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Cooperativa Cuzcachapa, Chalchuapa, El Salvador

Hugo has aspirations of moving back to the USA. For many in Central America, the “American Dream” is very much alive and well. He’s another Salvadoran that had spent several years in the US, and he was keen to go back. In the meantime, he is a self-described “second cupper” at the Cooperativa Cuzcachapa. Located a few kilometres west of Santa Ana in the town of Chalchuapa, the co-operative is one of the largest I’d seen. I wondered if it was really a Fair Trade co-op; their website hinted that it was something they would do, but that information was three years old. Had they followed through and stuck with it?

I waited in reception once I’d got through the armed security. The offices are large and well-organised, and all the staff wore co-ordinated uniforms or company-embroidered t-shirts. It was all very smart.

Hugo himself has spent the last five years training as a catador (cupper). It takes many years of practice and he is sampling coffee almost every day. That’s a lot of tasting! His time in the USA meant his English was very good, and combined with his Salvadoran upbringing he was laid-back, informative and friendly.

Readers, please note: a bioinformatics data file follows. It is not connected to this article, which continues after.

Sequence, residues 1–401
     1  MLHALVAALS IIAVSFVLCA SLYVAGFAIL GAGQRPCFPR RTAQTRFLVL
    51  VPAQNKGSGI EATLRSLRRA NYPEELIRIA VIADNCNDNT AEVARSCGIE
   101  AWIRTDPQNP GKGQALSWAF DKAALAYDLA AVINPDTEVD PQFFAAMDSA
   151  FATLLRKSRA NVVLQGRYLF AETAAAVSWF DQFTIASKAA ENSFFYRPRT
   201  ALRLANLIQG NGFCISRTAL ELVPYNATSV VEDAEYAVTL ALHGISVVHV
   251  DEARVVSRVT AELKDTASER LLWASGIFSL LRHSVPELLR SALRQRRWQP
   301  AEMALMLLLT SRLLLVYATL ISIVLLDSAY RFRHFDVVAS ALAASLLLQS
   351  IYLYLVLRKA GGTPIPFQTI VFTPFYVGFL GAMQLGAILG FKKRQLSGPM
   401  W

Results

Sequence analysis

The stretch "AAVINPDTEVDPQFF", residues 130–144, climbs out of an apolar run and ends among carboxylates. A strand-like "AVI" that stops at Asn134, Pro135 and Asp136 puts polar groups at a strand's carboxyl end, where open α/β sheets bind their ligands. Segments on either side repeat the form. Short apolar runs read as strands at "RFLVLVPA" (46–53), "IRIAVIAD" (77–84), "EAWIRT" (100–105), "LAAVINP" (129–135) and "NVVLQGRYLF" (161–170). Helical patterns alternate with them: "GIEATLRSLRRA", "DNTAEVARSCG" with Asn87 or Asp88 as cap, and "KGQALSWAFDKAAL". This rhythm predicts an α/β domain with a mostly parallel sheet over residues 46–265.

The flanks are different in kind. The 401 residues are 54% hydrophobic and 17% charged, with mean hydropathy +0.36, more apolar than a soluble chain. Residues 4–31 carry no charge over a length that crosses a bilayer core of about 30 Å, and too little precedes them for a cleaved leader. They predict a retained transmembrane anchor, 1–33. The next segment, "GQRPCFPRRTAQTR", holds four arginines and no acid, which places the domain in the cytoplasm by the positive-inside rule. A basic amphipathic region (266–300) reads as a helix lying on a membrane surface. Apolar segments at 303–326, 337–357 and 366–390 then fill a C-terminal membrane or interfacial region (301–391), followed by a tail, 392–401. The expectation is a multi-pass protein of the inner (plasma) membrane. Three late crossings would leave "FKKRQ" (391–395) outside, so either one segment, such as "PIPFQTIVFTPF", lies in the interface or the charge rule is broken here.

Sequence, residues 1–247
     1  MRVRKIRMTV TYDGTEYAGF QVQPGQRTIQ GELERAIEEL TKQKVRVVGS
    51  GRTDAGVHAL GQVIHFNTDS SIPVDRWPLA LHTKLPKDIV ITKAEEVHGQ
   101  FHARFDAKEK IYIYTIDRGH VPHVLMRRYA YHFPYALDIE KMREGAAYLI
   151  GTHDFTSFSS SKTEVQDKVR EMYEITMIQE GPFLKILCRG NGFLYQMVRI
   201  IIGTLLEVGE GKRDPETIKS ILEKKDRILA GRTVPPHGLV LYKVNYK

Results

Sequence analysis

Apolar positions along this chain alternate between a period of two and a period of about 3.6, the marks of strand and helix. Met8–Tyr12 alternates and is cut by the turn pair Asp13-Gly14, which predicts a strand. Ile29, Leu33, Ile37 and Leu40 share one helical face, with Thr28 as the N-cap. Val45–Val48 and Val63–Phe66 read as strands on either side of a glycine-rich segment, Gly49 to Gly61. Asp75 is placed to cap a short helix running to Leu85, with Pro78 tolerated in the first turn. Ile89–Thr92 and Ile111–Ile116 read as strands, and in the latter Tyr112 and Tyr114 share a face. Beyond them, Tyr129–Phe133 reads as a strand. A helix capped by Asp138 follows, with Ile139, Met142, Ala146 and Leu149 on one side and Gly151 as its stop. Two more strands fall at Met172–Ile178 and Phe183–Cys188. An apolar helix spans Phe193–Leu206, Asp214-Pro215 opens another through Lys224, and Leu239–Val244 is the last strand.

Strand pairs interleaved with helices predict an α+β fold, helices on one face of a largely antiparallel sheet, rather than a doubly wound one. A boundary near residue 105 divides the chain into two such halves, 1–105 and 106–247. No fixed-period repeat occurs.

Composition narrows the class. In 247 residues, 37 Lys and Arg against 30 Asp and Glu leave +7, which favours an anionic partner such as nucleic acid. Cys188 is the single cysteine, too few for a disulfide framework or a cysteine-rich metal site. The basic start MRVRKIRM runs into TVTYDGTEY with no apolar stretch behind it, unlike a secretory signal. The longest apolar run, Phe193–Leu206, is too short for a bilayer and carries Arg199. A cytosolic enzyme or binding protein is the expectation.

The co-op does not have have Fair Trade certified coffee, and I got the impression they had never pursued the certification. However, their coffee does carry “Rainforest Alliance”, “UTZ” and another certification that seemed common only in El Salvador, “4C”. A lot of their coffee also carries organic certication and they have a number of producers whose coffee gains “micro-lot” status (if you ever buy a ‘single-origin’ coffee, typically it’s at a higher price, small volumes are produced, and it’s a very carefully created coffee of high quality). The Cuzcachapa co-operative is the host for the annual Cup of Excellence that is held every year. It’s a national competition to promote coffee quality and frequently the winning coffees fetch high prices from buyers in Europe and North America.